Have basic questions about Security ChatOps? Read our FAQ blog to get a quick primer on the concept and its benefits.
The security world’s eyes are focused keenly on ChatOps. With security analysts often trapped in work silos, having chat conversations with fellow analysts to conduct joint investigations can have lasting personal and business benefits. Additionally, the ability to run live security commands and document the results on the same collaborative screen is the force multiplier SOCs need. With all this chatter, ChatOps is piquing the interest of cybersecurity professionals everywhere.
That said, there is a right and wrong time to bring in ChatOps for your security operations and incident response. If you roll out ChatOps when the timing, resources, or need fitment aren’t right, you will not only fail to get benefits out of ChatOps but also potentially close the door for future ChatOps implementation when the need is more explicit.
Here, we’ll provide a checklist that you can use to determine your SOC’s readiness to implement ChatOps. You can download a template of this checklist at the end of the blog.
If your incident response involves a mixture of automatable, well-defined tasks and cerebral, analyst-driven tasks, it’s a strong indicator that ChatOps can have a positive effect on analyst productivity and incident resolution times.
If you have trouble tracking investigation tasks to specific analysts and attaching accountability, ChatOps can bridge the gap. Having analysts work on the same window ensures team-wide transparency and task-level accountability, leading to more efficient response procedures with time.
If coordinating between all the security tools at your disposal is time-consuming and leads to an increased error rate, ChatOps can help both save time and increase accuracy. With ChatOps, you can orchestrate security commands across your product suite from one screen, eschewing the need for constant screen switching and the ensuing mistakes.
If you need to collate information from multiple sources for auditing and documentation, ChatOps can simplify the process. Each message sent and action performed is recorded on the ChatOps window for single-source documentation and retrieval, preventing the hassle of hunting through endless email chains and ticket threads to find the information you need.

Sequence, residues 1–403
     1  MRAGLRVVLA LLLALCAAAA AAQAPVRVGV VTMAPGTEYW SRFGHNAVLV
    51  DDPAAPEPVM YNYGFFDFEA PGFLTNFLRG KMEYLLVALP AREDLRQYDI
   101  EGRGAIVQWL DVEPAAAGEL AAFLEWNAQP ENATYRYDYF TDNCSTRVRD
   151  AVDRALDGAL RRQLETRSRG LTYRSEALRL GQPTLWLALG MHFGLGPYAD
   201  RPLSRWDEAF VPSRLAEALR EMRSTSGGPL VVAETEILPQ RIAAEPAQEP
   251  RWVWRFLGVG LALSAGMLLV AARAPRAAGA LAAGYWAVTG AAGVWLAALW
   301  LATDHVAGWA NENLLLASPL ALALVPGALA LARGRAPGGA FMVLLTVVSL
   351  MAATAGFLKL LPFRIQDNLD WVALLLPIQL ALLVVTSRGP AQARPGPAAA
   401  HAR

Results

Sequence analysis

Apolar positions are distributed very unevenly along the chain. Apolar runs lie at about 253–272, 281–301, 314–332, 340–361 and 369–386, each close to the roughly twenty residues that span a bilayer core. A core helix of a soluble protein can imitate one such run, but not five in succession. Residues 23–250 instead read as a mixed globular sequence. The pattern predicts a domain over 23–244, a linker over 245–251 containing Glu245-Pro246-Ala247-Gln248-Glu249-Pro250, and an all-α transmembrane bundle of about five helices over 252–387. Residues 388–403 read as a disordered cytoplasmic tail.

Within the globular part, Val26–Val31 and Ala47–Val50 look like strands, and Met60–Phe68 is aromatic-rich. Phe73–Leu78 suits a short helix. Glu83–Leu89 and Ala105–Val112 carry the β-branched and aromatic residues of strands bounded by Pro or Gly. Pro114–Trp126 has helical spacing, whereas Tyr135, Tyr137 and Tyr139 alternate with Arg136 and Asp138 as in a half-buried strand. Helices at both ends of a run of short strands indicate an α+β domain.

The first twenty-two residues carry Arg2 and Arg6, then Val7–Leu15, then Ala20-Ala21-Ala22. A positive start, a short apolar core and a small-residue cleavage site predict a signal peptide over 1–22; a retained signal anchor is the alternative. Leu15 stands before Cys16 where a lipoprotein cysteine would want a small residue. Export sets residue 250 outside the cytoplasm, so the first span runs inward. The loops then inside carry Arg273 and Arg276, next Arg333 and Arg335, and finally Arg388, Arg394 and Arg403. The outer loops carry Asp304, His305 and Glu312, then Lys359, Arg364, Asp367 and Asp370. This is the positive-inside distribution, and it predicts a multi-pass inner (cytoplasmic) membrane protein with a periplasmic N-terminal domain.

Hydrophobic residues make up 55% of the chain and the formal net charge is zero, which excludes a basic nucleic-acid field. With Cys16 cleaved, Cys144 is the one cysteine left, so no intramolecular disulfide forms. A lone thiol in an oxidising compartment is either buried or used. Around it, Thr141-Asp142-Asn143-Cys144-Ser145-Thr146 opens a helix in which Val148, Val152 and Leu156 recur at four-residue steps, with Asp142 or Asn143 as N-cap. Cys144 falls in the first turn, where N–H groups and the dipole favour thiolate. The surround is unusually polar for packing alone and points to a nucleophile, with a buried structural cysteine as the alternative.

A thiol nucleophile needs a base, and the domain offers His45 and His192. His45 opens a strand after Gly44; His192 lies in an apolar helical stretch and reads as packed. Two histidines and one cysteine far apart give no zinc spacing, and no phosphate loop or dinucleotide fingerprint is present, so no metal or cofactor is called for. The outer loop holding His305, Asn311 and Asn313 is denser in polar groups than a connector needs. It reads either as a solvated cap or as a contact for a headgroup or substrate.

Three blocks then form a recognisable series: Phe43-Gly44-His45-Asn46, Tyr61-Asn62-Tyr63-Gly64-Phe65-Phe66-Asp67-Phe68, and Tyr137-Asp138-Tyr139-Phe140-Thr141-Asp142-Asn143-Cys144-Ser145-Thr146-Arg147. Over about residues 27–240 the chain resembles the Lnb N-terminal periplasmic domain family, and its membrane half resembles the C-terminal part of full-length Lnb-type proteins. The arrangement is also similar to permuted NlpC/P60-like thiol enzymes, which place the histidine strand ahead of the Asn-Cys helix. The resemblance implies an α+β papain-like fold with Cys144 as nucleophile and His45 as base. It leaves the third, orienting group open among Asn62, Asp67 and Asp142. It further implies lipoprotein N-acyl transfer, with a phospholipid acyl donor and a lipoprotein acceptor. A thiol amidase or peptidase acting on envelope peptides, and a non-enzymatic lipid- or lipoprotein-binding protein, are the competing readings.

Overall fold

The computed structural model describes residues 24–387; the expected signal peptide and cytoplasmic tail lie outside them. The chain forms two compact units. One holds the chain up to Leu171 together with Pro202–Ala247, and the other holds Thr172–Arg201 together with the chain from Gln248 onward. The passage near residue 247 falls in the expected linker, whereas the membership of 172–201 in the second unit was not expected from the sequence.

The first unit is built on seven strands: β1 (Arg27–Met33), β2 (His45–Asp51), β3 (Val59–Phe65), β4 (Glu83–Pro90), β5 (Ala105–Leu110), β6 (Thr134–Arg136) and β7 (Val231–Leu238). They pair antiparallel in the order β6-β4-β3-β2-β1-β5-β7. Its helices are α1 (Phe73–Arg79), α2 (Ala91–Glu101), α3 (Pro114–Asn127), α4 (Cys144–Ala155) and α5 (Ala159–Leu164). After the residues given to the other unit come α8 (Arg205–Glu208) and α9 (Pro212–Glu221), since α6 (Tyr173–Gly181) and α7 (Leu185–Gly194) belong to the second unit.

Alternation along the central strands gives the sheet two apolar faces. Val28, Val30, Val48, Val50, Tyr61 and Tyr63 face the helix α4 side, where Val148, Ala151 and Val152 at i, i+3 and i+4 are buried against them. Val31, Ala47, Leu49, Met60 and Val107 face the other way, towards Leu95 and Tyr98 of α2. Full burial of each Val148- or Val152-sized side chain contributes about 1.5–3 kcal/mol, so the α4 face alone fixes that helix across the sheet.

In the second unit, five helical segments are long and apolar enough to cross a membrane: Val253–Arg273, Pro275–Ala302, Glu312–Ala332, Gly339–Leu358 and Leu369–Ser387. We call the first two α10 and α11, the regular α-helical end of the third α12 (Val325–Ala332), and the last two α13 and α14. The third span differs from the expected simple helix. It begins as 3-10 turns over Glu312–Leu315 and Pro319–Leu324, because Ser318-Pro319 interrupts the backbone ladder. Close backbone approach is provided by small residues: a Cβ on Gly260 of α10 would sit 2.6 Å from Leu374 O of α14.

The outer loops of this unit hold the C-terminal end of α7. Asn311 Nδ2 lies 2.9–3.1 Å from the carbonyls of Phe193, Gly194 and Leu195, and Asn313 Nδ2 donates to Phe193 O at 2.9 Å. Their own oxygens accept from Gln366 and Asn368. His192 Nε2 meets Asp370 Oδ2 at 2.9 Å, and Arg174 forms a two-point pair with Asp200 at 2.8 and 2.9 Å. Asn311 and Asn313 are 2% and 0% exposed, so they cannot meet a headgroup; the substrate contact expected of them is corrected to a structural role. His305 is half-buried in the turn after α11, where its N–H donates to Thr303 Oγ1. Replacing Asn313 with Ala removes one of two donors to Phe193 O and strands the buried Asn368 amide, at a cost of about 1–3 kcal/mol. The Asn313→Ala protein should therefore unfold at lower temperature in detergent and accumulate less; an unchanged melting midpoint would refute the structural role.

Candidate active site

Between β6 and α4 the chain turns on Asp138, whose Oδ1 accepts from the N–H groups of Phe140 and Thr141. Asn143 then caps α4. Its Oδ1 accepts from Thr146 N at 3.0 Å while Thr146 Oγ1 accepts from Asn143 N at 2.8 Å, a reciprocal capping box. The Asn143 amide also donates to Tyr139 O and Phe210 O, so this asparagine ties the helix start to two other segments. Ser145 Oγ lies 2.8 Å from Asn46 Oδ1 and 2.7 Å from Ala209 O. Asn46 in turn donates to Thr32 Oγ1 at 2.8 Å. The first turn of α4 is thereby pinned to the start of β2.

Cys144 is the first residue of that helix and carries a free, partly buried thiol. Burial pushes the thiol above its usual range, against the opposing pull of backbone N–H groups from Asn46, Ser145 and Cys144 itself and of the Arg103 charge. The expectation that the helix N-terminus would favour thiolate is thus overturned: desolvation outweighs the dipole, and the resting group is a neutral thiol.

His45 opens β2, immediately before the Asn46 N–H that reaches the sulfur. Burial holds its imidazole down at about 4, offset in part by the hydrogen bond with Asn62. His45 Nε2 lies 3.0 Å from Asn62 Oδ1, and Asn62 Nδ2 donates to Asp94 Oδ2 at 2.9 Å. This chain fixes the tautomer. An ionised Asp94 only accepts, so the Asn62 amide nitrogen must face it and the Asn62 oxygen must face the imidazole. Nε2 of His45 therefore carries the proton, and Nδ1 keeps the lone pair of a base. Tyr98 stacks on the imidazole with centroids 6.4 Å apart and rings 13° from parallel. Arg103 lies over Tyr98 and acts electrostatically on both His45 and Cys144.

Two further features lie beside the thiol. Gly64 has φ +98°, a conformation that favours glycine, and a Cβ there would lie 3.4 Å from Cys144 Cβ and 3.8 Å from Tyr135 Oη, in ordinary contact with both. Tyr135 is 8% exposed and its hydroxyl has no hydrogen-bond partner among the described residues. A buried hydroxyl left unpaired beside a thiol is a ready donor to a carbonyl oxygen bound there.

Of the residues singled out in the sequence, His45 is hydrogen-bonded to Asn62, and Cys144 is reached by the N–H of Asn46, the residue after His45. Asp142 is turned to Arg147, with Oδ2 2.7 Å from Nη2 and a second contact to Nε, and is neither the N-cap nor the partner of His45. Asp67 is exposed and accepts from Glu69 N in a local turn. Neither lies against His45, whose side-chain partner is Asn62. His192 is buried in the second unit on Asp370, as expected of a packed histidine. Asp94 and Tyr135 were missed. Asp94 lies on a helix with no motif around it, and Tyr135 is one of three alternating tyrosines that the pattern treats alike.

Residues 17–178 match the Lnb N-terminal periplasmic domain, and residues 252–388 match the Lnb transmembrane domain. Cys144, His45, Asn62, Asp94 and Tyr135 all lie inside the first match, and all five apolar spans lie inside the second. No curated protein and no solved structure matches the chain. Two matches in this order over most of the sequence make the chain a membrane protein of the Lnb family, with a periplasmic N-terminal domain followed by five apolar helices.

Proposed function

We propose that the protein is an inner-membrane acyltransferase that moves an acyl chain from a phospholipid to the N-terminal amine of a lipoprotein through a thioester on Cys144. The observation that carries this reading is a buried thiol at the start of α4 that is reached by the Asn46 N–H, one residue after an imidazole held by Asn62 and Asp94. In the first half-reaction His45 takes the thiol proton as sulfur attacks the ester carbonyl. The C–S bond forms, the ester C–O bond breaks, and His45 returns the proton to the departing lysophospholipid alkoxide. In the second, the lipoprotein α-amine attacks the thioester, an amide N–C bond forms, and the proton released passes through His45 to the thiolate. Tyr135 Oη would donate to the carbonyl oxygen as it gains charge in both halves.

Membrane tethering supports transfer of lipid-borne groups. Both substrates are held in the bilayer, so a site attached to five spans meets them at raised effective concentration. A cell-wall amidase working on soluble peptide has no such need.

If your incident resolution times are too long when analysts work separately (in silos) to resolve them, ChatOps can lead to speedier and more enriched incident closure. Analysts can easily share information, learn from each other’s actions, and combine specific skill-sets on one platform to display real-time teamwork during investigations.
If your team is experiencing alert fatigue from certain incidents even after implementing automation, ChatOps can be the palliative balm to ease your wounds. By distributing the load among a team of analysts working together, reducing product coordination time, and easing documentation work, alert numbers post automation can be kept in check.
If you can’t afford to train new analysts or have them make costly mistakes on the job in lieu of training, ChatOps can double up as an intuitive way for them to learn on the job. They can join in on investigations and study security actions carried out by senior analysts, the order the actions were carried out in, and other IR best practices.
Let’s use the above framework to tackle a common example: phishing incidents. The filled in table is given below.
You can find a blank worksheet of this framework below and can use it to evaluate your security team’s readiness for ChatOps by applying the framework to certain incidents/sub-teams.